Ripe and relevant

Uncle’s Dream – Fyodor Dostoyevsky (Alma Books)

Not many authors have blurb from Nietzsche and Camus. Perhaps no other authors have. Dostoyevsky does.

Uncle’s Dream is considered a minor work. Dostoyevsky had just spent time exiled in Siberia and then in the provincial doldrums of Semipalatinsk, Kazakhstan.

Uncle’s Dream sets provincial ruthlessness and stupidity as its target. Dostoyevsky’s exile work proper comes later though, in The House of The Dead.

This is a funny book essentially written for cash, intended to start Dosteyevsky on the long road back to literature. This edition carries a new translation by Roger Cockrell. It is a direct and lively reading.

The tale begins as a kind of shaggy dog story. We meet Maria Moskalyova. She is a socialite and savage, sharp elbower. Her husband was highly privileged but also useless, and is now sidelined, put away in the countryside.

This is the pre-revolutionary world in which the totally incompetent rule. We meet the Prince with a cork leg, false beard and hair and a glass eye. He was ‘some kind of corpse on springs’, but covered in the latest high fashion. Morning coat, powder and wig. Perfumed and pomaded. A sort of surviving Rolling Stone of his time.

His brain, affected from years of being an idle fop, stutters out words in chunks. He begins to discuss his haemorrhoids at a party – which in Viz terms means his ‘arsegrapes are up’. He is stopped mid-flow. He is one of the figures Georg Grosz drew and painted, only before he turns up sixty years on in Berlin, bits of him left behind in a chateau full of trench mud.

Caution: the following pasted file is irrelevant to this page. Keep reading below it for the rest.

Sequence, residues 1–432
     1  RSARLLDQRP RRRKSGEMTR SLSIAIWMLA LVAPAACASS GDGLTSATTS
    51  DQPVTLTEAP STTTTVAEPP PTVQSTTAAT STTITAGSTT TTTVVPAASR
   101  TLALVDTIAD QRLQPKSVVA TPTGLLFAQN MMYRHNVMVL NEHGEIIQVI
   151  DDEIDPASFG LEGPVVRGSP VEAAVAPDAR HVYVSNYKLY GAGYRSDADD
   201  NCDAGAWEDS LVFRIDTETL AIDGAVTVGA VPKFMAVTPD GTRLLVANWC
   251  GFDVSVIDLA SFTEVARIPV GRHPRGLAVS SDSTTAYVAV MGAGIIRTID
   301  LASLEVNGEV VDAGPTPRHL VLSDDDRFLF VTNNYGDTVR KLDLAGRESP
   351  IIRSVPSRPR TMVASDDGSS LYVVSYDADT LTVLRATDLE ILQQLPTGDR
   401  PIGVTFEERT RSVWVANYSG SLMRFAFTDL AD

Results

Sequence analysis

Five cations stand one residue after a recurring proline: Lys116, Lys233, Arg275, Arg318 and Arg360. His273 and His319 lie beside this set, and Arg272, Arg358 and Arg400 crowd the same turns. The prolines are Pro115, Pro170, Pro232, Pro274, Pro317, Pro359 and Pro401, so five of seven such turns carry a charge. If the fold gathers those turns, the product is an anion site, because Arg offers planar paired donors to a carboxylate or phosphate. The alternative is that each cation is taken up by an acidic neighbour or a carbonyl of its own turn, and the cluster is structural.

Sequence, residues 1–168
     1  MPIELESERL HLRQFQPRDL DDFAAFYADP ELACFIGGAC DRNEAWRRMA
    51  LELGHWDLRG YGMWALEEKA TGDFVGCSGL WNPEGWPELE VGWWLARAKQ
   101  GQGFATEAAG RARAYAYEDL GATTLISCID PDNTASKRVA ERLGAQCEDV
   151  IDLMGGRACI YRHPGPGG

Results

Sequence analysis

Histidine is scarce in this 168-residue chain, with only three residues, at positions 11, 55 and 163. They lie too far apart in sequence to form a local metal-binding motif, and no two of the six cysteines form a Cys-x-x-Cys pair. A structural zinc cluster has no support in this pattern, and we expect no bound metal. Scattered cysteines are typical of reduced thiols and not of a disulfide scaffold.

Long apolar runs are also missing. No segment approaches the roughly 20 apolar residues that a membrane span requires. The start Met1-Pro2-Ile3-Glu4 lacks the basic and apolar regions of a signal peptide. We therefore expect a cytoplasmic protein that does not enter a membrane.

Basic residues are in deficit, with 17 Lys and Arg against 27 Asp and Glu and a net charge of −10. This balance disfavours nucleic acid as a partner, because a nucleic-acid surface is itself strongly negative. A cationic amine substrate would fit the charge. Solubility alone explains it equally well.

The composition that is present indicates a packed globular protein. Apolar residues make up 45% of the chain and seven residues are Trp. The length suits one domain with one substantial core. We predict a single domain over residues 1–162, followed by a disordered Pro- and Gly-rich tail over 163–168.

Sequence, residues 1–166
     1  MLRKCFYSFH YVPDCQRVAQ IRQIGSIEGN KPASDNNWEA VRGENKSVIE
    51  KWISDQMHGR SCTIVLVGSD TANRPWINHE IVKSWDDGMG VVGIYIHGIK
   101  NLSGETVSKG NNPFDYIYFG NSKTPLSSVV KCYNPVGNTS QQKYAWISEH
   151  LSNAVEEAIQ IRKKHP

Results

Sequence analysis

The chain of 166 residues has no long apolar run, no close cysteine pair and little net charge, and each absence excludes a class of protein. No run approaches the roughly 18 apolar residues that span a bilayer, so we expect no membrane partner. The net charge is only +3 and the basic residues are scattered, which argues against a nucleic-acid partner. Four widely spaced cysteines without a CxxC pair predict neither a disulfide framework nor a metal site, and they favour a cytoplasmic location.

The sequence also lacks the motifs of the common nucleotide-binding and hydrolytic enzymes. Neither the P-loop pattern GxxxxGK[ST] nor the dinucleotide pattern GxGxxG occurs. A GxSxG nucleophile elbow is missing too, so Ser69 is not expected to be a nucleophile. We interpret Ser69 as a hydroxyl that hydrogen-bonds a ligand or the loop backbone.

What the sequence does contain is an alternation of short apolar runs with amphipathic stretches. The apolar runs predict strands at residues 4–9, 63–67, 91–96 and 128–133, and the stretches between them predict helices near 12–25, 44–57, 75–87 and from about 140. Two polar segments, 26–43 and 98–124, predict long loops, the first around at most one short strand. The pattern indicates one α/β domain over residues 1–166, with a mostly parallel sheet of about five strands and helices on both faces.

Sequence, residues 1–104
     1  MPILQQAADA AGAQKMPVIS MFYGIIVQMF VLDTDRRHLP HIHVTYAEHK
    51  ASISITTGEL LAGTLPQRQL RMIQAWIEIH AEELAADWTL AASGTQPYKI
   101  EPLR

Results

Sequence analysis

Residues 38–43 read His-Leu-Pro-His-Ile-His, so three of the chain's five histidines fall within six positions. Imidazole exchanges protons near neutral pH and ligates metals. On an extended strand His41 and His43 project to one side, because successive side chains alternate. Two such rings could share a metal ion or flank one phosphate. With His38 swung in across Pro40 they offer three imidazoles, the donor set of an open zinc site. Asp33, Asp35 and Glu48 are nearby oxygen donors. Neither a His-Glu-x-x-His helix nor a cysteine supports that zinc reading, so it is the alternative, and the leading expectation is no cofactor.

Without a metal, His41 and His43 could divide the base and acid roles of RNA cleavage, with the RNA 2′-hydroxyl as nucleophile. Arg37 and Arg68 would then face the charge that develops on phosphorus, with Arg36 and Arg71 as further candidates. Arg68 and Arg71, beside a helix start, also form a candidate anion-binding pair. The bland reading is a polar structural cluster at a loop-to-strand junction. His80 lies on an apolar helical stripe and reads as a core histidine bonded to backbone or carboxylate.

The moment a discussion arises around whether the area has had cholera – ‘the plague’ – or not seems loaded in this moment. But the book speaks to our times at many points.

Maria Moskalyova pushes for her beautiful daughter to marry the crumbling prince. We see it in our time. We see it in Melania Trump in a way I suppose. Maria Moskalyova derides Shakespeare and young men who fill their heads with his works.

Most interestingly, Maria avoids Shakespearean tragedy by getting her way through thick and thin. Her daughter is a tragedy, but Maria escapes cosmic justice in any and all forms that might visit her. Many of the Moskalyovas of the world do. This is the hard modernist spike in a perhaps softer novel.

This might be a minor work, but it is very far from the failure Dostoyevsky assumed it to be. The Prince is withering about people around him infected by some ‘new idea or other’. Here comes the age of revolution. The Prince derides a servant who looks like he might be incubating great philosophy, by Kant, or someone like that.

This was the age in which ideas displaced the ‘corpses on springs’ who ran the world. Let us have a whole new era of that please.

The spiteful hypocrites and gossips are recognisable and real. If nothing else, this book is ripe to be updated for 2020, perhaps as a film. I can see a man whose expensive cosmetic surgery is falling apart, and his hangers-on, perhaps some failing and desperate boomers who lost nearly all of it in a tech bubble. It actually played in theatres later, most notably in the Soviet era. It’s funny and sharp.

Here is a great window onto our world of greedy, pushy, power-mad bastards, downloaded from Dostoyevsky’s time.

– Steve Hanson

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